Outdoors notebook: Agreement will allow for gas removal at lake
The Pennsylvania Fish and Boat Commission recently entered into an agreement with REX Energy to take gas and oil from beneath Glade Run Lake in Middlesex, Butler County.
The deal does not allow for surface impacts on the commission-owned property. The company will have to build its well on adjacent lands it has gained access to and draw the oil and gas from under the 146-acre lake property.
REX Energy will pay the commission an upfront bonus of $643,312 as well as royalty payments on 19.5 percent on minerals extracted.
The terms of the deal are in keeping with past leases. To date, the commission has made about $9.2 million in oil and gas lease revenues, with similar deals in place at a number of lakes, including Donegal in Westmoreland County, Hereford Manor in Beaver, Dunlap Creek in Fayette, Hemlock Lake in Indiana and Dutch Fork Lake in Washington.
The revenues are being used to repair high-hazard dams.
Pennsylvania Game Commissioners, meanwhile, recently approved two energy leases in Southwestern Pennsylvania that will generate about $240,000 in revenue.
One lease allows Patriot Exploration to remove oil and gas from beneath 359 acres of state game land 245 in Washington County. The second allows Noble Energy to extract oil and gas from below five acres of state game land 302 on the border of Washington and Greene counties.
Those tiny plastic balls in shampoo, soap and toothpaste meant to “scrub” you clean?
The Great Lakes Fishery Commission recently passed a resolution that calls on federal, provincial and state governments to ban the sale of products containing such microbeads by 2015. The problem, it said, is that beads go down the drain, through wastewater treatment plants and into the environment. The first open-water survey of the Great Lakes looking for plastic, done in 2012, “found some of the highest concentrations of microplastic ever recorded on earth,” it said.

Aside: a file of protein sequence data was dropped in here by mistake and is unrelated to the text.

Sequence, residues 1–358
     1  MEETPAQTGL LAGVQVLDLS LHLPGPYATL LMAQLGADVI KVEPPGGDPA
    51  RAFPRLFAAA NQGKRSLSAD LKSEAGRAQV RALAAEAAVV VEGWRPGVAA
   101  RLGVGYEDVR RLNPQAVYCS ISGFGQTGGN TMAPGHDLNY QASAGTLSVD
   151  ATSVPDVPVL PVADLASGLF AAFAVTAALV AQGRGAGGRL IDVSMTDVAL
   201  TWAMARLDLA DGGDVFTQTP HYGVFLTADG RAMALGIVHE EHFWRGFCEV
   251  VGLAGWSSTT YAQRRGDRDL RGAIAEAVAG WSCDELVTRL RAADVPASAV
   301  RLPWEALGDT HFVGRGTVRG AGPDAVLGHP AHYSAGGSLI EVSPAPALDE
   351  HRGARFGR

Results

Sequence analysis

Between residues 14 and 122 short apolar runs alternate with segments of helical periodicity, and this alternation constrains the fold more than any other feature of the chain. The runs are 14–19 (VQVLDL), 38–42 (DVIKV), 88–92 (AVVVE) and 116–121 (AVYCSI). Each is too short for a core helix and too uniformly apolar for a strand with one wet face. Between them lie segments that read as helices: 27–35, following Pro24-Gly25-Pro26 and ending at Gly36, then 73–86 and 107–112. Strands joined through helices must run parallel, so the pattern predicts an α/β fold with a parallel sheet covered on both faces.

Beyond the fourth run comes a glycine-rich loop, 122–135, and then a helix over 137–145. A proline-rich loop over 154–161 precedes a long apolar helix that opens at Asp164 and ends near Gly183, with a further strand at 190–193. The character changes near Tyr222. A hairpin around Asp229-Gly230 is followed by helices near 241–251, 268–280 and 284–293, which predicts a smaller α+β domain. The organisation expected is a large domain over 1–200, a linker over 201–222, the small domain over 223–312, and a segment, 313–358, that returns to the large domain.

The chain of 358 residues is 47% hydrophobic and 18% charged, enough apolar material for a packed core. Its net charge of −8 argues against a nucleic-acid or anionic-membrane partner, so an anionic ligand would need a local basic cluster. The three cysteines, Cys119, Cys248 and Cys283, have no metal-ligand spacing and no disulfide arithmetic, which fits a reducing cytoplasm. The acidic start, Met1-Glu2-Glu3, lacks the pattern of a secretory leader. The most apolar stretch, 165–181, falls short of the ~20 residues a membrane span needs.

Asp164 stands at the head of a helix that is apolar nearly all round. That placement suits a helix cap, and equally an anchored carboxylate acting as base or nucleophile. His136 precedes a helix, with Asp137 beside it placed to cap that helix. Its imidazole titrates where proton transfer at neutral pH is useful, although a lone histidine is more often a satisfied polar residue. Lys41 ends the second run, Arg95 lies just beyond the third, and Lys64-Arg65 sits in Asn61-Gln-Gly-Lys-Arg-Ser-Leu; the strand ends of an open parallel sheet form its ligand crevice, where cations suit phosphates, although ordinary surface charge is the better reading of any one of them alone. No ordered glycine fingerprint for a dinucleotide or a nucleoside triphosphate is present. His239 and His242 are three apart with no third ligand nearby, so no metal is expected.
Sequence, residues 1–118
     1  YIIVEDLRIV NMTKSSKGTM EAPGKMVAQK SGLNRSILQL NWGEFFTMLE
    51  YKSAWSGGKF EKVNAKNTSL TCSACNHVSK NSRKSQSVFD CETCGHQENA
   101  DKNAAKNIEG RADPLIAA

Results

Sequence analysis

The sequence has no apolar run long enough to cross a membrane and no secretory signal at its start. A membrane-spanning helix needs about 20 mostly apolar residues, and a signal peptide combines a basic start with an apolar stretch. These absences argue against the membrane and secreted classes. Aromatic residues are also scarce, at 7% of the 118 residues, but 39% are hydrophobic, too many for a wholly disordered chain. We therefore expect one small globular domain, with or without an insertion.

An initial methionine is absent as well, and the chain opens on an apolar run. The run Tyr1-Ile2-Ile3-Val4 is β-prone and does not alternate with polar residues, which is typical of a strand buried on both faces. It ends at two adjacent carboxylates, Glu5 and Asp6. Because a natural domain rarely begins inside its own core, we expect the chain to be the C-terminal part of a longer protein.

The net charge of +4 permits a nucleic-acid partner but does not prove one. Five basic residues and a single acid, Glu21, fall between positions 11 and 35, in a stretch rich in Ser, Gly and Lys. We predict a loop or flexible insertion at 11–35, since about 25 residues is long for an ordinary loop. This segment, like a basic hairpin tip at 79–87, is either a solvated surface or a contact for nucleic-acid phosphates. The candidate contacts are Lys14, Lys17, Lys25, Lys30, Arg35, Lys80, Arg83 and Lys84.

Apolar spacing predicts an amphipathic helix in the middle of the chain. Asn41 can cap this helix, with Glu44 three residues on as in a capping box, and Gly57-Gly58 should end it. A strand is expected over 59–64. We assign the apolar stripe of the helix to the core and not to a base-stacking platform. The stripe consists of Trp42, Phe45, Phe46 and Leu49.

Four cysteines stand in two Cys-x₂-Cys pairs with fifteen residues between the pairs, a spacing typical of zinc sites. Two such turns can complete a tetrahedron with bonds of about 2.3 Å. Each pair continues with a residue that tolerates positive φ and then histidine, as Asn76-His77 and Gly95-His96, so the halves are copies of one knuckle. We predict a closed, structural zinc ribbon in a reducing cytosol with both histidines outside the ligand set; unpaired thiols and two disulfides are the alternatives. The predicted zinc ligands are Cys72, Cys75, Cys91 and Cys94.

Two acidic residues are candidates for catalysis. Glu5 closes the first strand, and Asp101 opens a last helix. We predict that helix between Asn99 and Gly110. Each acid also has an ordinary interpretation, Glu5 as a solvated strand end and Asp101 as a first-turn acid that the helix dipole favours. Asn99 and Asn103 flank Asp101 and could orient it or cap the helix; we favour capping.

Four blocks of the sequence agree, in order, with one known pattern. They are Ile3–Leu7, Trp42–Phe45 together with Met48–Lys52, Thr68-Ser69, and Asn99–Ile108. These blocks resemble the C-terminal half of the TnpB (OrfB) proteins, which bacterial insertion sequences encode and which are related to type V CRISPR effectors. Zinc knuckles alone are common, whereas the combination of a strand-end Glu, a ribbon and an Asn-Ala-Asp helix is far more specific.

Once in the water, the beads collect toxins. Fish and other organisms eat them, the commission said, with the beads hurting the fish outright or making their way up the food chain.
Pennsylvania Fish and Boat Commissioners added eight streams to the state’s list of wild trout waters. Among those are Bear Rock Run and an unnamed tributary to the North Branch Little Conemaugh River in Cambria County, an unnamed tributary to Little Yellow Creek in Indiana, Harbridge Run in Westmoreland and Shanks Run and Ware Run in Somerset.
The population in Ware Run is particularly good. Commissioners added the stream to its list of Class A waters, which are the best of the best wild trout fisheries.
Hunters no longer need to fill out camp rosters.
For decades, the Pennsylvania Game Commission required groups of five or more people hunting from a permanent camp to fill out and post a participant roster during big-game seasons. They needed to fill out paper rosters in duplicate and post one copy at the camp for at least 30 days following the close of any deer, bear or elk season.
No more. Game Commissioners did away with that rule at their recent meeting.
The elk that roamed Armstrong County last fall before being poached was a member of the state’s wild herd that went exploring.
DNA testing confirmed that, and that the cow did not have chronic wasting disease, Game Commission officer Rod Burns said.
The investigation into the elk’s shooting is ongoing. Anyone with information can call 724-238-9523.